As harvest slowly progresses, feed wheat/durum volumes keep rising. Feed pricing is being affected every day as more tonnage keeps getting moved into the market. Today, prices are trading at $4.25-4.80/bu FOB with the stronger pricing in the South West of Saskatchewan. If you are harvesting wheat and durum right now, marketing a few bushels/acres as a hedge seems to be a good a strategy. Locking in some product will secure a movement window and we may see prices that start with a three near term. We suspect some upside in the good quality milling durum markets and producers that were able to harvest #1 grade before the rain, or have some in the bin, may consider holding. Currently, we are seeing product trade in South Central Saskatchewan trading at $8.00/bu delivered.
Flax markets have been stagnant for a while now, which can be attributed to very little export demand. Thin carry in supply and slow harvest progress, preventing new crop product from hitting the market, seems to be holing bids steady. China has recently approved imports of flax by rail from Kazakhstan, adding more competition in the Chinese market. Subsequently, this will provide less flax to the European market, potentially opening up new opportunities for high quality milling flax. Flax bids have been quoted in the range of $12.25 to $12.75/bu FOB farm this week, based on milling quality. Yellow flax bids remain unchanged, and trades continue to hit the books around $13.00/bu picked up.
As of September 9th, Sask Ag showed 63% of Canadian lentils harvested. With rains occurring around most of the province last week, we could be seeing some quality issues on what is left in the field. The latest estimate form the Australian lentil crop came in 20,000 tonnes more from last year, but is not seen as burdensome, as Australian exports have been strong to move out old-crop supplies as per analysts. The Indian market could have some serious trade issues as the Indian ministry is recommending import tariffs raise to 70% from 30% on all lentil imports. This is in response from Canada and Australia “dumping” lentils. If this action follows through, there will be further disruptions in the trade. As far as pricing goes, we have bids for all lentils of all grades. There have been some rising bids on large green lentils, but not so much for other lentils even with some harvest challenges.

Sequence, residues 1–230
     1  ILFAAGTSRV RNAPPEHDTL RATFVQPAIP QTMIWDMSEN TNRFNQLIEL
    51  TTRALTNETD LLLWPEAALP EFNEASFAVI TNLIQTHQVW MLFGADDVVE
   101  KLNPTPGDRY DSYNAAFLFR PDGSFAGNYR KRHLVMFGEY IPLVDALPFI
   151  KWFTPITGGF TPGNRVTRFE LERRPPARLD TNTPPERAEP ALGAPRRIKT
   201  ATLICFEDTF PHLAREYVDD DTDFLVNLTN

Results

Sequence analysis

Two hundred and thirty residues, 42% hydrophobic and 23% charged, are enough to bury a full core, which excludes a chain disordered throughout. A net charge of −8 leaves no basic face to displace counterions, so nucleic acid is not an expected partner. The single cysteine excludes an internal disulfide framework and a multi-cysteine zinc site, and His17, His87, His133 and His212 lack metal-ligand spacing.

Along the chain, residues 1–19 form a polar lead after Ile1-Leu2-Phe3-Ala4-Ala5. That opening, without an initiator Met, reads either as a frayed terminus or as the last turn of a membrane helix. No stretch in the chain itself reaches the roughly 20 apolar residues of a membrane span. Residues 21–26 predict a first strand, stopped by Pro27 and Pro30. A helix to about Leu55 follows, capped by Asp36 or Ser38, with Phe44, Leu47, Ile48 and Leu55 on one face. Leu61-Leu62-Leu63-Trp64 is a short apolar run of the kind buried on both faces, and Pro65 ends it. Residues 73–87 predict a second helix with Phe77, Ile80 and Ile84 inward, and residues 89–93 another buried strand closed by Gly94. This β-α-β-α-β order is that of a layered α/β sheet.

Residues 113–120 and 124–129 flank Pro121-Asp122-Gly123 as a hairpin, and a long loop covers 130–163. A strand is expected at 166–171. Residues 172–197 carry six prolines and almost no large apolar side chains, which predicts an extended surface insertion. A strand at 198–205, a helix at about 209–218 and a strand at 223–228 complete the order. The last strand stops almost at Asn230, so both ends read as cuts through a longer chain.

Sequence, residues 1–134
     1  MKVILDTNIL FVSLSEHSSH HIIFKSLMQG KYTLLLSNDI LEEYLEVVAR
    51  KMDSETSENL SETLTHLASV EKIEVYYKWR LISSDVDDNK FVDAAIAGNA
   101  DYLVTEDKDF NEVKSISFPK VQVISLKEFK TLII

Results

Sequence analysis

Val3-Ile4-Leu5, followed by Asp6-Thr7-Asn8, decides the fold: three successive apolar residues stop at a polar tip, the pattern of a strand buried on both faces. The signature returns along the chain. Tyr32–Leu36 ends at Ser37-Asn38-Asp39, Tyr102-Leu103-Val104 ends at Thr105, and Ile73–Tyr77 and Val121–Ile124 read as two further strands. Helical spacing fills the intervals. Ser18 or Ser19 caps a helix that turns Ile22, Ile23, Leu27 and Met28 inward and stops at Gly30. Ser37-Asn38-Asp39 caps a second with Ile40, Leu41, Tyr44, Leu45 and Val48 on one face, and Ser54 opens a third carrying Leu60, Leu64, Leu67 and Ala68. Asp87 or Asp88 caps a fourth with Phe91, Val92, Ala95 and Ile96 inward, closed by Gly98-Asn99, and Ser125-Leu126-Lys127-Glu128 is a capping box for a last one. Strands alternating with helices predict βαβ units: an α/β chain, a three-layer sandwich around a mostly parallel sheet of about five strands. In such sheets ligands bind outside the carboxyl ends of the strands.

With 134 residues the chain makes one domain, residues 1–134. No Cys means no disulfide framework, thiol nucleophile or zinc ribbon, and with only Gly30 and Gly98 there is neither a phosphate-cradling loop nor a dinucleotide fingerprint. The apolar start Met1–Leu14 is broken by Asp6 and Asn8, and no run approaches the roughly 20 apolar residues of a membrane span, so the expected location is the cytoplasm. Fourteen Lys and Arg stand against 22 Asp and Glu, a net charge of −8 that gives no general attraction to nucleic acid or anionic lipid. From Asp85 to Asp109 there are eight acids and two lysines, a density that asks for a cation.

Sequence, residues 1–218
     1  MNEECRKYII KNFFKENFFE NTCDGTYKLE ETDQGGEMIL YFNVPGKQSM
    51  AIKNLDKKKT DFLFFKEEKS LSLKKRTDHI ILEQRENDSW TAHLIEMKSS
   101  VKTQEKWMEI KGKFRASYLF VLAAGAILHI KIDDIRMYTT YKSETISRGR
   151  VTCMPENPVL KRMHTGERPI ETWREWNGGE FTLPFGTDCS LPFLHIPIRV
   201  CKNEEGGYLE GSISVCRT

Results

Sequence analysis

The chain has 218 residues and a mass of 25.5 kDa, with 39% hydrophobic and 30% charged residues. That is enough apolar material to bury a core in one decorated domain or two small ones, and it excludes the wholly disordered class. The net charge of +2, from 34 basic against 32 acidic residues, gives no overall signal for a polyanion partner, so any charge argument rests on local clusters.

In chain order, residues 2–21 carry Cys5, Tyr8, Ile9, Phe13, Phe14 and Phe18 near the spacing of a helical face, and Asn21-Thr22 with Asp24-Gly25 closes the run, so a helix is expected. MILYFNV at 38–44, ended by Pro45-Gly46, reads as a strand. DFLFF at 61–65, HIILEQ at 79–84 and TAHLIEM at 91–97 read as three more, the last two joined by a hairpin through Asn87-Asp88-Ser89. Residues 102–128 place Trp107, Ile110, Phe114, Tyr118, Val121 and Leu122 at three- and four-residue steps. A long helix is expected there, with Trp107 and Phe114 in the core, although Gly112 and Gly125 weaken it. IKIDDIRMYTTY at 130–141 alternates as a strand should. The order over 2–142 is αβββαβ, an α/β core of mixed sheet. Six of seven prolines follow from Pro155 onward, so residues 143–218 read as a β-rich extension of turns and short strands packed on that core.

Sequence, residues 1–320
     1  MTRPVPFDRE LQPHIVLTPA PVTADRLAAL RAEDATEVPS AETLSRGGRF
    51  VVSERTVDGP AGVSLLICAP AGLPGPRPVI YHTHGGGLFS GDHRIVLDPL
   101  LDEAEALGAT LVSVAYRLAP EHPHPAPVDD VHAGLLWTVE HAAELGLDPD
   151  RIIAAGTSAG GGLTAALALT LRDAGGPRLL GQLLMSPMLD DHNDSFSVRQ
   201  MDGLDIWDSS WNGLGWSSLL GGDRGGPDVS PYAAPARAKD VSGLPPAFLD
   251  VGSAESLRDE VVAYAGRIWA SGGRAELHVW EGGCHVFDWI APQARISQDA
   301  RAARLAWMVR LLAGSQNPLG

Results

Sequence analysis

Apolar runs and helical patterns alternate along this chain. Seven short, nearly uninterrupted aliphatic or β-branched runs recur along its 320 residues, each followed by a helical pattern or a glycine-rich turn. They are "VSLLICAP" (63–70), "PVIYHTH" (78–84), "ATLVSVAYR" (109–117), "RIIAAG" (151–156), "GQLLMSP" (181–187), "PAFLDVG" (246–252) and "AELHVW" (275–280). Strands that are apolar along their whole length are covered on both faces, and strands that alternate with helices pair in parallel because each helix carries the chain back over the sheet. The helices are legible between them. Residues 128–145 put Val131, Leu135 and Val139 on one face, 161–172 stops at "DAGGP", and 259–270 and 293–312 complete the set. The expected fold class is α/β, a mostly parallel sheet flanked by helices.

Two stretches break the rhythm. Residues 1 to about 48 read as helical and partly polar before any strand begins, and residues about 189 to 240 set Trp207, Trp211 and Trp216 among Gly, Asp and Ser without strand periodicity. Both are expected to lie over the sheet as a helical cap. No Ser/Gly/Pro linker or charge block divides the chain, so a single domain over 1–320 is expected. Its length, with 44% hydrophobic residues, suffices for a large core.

News of sprouting chickpeas over the last few days has perked up the conversation when it comes to market value. General thoughts are that this will largely affect the pet food and feed side of the market but how it impacts commercial quality remains to be seen. It Is hard to believe that it won’t have some effect on the value, but it is doubtful that we will see values of the last 2 years come back to the table. Recommend the best approach is to understand the quality of chickpea you have. Get the size breakdown, know your moisture levels and understand the downgrading factors if any and market it with all information in hand. There will be a mishmash of quality out there this year with what was in the bins and what is still in the field so look for opportunity knowing what you are selling.
Harvest proceeds slowly across the province this week and the mustard market brings us little change or news. The last progress report stated 20% of Saskatchewan’s mustard had been harvested. At the same time in 2018, we were sitting at 70% harvested across the province. As more yield numbers and samples roll in over the next few weeks, buyers should get a better understanding of what’s out there and the market will react accordingly. Spot mustard prices today are 36 cents/lb FOB farm for yellow, 30 cents/lb FOB farm for brown, and 23 cents/lb FOB farm for oriental. As always, we will have a good supply of certified seed this year so be sure to check in with your merchant on a price delivered to your yard.